Opinions are an important and vibrant part of social media, and DFM opinion journalism efforts need to make effective and extensive use of social media. To guide these efforts, we present a few general principles and some specific recommendations:
What is data journalism? What potential does it have? What are its limits? Where does it come from? Paul Bradshaw (Birmingham City University) and Mirko Lorenz (Deutsche Welle) say a bit about what is distinctive about data journalism.
Leading data journalists tell us why they think it is important and what their favourite examples are. Finally Liliana Bounegru (European Journalism Centre) puts data journalism into its broader historical context.
After several months of hard work, the Data Journalism Handbook is almost ready to be released. The handbook will be launched during the School of Data Journalism at the International Journalism Festival in Perugia, Italy, next week.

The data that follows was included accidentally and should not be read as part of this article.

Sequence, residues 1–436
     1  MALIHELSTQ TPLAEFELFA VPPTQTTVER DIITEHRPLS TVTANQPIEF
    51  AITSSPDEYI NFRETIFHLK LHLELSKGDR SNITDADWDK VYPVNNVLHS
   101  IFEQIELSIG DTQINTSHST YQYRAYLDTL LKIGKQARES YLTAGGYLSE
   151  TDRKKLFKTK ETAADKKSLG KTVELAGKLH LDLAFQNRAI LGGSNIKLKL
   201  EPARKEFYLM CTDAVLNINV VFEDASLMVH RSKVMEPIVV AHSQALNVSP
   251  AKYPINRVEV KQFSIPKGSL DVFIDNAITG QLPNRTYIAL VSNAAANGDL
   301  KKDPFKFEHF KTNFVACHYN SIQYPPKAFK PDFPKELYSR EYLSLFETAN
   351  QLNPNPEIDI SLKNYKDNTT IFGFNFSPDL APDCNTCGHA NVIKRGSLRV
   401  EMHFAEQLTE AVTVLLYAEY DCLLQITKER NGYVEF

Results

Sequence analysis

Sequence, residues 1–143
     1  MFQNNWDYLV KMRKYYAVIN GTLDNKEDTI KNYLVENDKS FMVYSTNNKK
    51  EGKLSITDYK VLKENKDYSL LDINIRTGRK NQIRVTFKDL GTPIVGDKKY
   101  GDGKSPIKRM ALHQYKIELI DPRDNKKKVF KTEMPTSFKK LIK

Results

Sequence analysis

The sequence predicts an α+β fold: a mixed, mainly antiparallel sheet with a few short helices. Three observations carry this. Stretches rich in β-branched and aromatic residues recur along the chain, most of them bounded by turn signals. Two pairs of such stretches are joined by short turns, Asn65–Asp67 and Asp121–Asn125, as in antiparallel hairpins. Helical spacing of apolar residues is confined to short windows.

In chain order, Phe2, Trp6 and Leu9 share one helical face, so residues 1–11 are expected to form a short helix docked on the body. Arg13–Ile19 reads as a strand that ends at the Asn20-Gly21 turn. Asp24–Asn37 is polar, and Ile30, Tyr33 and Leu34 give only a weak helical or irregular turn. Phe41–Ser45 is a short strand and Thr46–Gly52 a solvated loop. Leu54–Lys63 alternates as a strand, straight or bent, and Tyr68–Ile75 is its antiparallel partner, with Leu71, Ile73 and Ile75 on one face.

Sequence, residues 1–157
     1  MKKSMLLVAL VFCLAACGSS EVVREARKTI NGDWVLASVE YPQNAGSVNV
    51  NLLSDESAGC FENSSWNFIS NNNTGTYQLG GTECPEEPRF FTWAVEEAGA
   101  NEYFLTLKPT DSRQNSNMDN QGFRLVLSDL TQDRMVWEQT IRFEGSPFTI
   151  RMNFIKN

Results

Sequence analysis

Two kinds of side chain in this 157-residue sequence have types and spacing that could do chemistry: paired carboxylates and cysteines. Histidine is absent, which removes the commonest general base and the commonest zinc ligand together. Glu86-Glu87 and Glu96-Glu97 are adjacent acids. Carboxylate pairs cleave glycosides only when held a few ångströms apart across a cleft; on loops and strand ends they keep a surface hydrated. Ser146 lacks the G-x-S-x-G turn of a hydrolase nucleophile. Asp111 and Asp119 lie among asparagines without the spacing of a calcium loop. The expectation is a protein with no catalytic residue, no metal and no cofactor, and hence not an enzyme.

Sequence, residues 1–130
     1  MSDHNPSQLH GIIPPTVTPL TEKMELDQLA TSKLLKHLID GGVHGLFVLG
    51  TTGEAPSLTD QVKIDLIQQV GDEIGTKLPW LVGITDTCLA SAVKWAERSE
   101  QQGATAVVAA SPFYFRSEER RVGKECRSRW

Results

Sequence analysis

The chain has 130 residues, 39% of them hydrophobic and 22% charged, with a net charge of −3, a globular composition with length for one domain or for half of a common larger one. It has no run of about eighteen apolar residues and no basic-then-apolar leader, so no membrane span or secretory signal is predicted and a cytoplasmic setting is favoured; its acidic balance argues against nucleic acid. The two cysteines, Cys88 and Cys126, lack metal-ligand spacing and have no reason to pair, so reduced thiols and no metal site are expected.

The handbook is a free, open source reference book for anyone interested in the emerging field of data journalism. The book will be made freely available online under a CC BY-SA license so anyone can read, copy, share, redistribute and reuse it under the terms of this license. Additionally a printed version and an e-book will be published by O’Reilly Media.
DataDrivenJournalism.net is dedicated to providing anyone interested in getting started with data driven journalism with a collection of learning resources, including relevant events, tools, tutorials, interviews and case studies.
How can you contribute to a healthy journalism ecosystem?